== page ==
- See specifications of Canadian corvettes on the Haze Gray and Underway website
- Official website of H.M.C.S Sackville, Canadian Naval Memorial Trust
- See also the website of Steelnavy.com: The Ship Modeling Site : HMCS Sackville, Flower Class Corvette
The Early Corvettes were the Toughest
By Lieutenant William H. Pugsley, R.C.N.V.R.
Excerpts from Saints, Devils and Ordinary Seamen, 1945, p. 44-47, 50-51, 53-54.
Like a policeman on his beat, the corvettes spent monotonous months plodding back and forth across the trackless waste of grey seas that were never at rest. To the men who sailed in these ships came a great weariness from the relentless watches, the untempting food, and the constant, chafing motion.
Fed up? Of course, they were fed up. But there was nothing they could do about it. They had their jobs to do in the ship, and no alternative to doing them. The wonderful thing was that when they reached port, discouraged and exhausted after a particularly harrowing trip, they could find all their usual good nature again after a brief “run ashore.”
All small ships’ mess decks are pretty much the same. There’s the seamen’s mess for’ard, with the stokers usually just underneath. Other ratings’ messes may be tucked away in other parts of the ship, but the seamen still live in the foc’sle, the least comfortable part, just as they have for generations past.
The mess deck is the rating’s home. There’s no privacy, and he only has rights in a piece of it, the area around his mess. That piece is peculiarly his. He thinks of it in exactly the same way as an officer regards his cabin.
The general layout is the same in anything less than a cruiser. Along the inside of the hull run lockers for clothes, and above them racks for boots, attaché cases, and cap boxes. The lockers are low enough to make a settee, beside which is the mess table, firmly screwed to the deck. The table seats 10 to 12: on the other side of it there’s a plain bench.
Set in the low “deckhead”—that’s the ceiling, folks—are hooks for hammocks. Nearby there’s a rack for stowing the ‘micks in daytime, and a cabinet for the mess’ cutlery, chinaware, and utensils; also staple foods like tea, butter, sugar, and tinned milk. If the boys in the mess are on good terms with the ship’s L.T.O. (Leading Torpedo Operator), nothing will have been said when they hooked up a toaster or “hot plate” for between-meal snacks.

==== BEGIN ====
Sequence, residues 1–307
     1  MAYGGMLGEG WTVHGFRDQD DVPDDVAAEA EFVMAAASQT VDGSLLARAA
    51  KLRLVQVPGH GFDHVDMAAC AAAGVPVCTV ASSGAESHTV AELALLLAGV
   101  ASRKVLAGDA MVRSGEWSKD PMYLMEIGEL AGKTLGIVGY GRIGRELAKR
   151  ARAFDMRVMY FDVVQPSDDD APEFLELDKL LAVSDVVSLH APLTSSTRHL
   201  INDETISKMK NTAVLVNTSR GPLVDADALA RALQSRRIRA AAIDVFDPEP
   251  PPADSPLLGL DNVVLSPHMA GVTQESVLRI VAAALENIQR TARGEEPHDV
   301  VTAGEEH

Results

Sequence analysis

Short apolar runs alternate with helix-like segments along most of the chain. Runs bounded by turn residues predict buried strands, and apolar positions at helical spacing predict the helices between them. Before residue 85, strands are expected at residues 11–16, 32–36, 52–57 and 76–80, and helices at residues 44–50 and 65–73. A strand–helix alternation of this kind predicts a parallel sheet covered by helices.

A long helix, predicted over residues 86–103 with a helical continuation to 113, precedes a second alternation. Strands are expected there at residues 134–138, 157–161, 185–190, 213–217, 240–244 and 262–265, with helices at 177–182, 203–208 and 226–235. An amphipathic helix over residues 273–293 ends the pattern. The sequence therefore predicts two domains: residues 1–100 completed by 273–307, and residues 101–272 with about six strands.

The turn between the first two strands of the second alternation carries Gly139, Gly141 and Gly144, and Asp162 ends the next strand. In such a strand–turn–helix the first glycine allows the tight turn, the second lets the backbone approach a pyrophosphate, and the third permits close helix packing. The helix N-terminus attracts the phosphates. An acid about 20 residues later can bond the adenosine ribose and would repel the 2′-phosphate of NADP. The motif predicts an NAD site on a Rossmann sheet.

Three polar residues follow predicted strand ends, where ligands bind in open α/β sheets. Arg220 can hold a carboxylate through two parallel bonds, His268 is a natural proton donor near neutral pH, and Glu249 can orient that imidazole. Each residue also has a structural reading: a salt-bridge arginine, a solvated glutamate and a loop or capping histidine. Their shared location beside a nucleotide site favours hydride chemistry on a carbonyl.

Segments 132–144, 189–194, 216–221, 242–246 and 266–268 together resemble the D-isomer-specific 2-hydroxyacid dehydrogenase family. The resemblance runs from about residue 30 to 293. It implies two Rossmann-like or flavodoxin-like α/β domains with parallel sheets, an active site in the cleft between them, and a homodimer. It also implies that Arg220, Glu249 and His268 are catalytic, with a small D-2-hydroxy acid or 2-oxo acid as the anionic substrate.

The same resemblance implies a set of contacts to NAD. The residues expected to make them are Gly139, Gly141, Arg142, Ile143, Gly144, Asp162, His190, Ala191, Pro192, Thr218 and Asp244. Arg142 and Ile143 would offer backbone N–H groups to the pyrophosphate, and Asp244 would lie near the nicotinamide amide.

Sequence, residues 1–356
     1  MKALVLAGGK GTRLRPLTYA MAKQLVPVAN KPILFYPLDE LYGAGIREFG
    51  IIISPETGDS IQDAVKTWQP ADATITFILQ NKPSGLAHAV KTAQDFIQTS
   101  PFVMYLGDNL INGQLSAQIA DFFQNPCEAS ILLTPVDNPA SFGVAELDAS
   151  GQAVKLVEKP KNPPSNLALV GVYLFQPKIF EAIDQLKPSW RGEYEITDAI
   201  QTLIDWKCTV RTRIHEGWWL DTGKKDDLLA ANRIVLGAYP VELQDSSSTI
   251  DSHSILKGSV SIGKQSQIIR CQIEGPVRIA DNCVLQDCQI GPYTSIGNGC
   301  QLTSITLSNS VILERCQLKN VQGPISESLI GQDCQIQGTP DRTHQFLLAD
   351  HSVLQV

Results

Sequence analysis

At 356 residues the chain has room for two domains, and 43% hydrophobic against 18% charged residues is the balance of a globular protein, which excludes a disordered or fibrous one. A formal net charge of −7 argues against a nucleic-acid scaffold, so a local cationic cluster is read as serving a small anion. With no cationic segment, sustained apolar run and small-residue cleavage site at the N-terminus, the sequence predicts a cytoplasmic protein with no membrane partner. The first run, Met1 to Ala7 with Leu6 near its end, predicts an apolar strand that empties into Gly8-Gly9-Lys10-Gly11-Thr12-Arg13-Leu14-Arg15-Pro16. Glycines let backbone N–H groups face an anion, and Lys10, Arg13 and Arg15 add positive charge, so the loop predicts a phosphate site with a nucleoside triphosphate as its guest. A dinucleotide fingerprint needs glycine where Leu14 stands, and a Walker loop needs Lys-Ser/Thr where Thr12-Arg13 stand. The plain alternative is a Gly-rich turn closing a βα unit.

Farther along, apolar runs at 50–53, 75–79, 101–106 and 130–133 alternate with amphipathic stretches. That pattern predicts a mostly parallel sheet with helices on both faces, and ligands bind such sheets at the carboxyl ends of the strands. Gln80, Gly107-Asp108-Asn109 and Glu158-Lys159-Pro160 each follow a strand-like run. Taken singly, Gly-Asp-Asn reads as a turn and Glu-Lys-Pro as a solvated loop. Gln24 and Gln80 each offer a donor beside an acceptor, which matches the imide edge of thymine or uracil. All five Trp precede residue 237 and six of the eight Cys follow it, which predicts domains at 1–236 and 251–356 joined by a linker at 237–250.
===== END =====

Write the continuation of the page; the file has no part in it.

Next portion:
Getting up in the morning in a ship is every bit as bad as in barracks. At 0630 without fail the Quartermaster comes galloping into the mess deck shouting: “Wakey, wakey, wakey,” and thumping everyone into wakefulness. With one eye open for the P.O. of the Day, you just lie there in your ‘mick. You think about getting up, about how tired you still are, how awful it all is, and how you’d like to shoot the Q.M. for being so cheerful.
He announces it’s a fine day outside. You don’t believe him: you know it’s not light enough yet to tell. Then he says there are pancakes for breakfast. You know that’s a lie, so you reach out for someone else’s boot and throw it at him.
Then one of your messmates walks in. He’s all dressed up in the rig of the day, just back from overnight leave. He’s hungry, and wants to set the table for breakfast. Now you really do have to get up. Your ‘mick hangs right over the mess table. Once the table’s set, you won’t be able to get out without stepping, most likely, into the butter dish. Your messmates won’t like that. Then to get your ‘mick down, you’ll have to lower it on their heads while they’re eating. They won’t think much of that either.
Muttering that it’s a dog’s life, you crawl out. The underwear shorts you slept in seem to have got twisted. You hitch them straight. You yawn: you stretch. Then, with your eyes just beginning to focus properly, you look around to see where you threw your socks and boots when you turned in the night before.
By seven o’clock the “cooks of the mess” have brought breakfast from the galley and the “gannets,” in various states of undress, have assembled around the mess table. The first there grab all the cutlery—there never seems to be enough to go round—and latecomers watch ready to snatch the first piece anyone lets go. As for the conversation, well, by comparison Babel was a convention of mutes.
“Who the heck finished off the butter making toast last night? . . . Pipe down and pass the bread . . . Isn’t there any more milk? . . . Where d’ya think you are, on a farm? . . I mean tinned milk, you clown . . . I said pass the bread . . . Who’s finished with his cup? . . . Is there anything left in the galley for the guys on watch? . . . Drop that cup, it’s mine . . . WILL SOMEBODY PLEASE PASS THE BREAD? . . . Aw, quit beatin’ your gums, whad’ya want bread for? . . .Here it is, you don’t have to stretch: when you want something, just ask. . .Yeah, you’re not at home now. . .You can say that again . . . Hey, those punks in the next mess have swiped our jam!”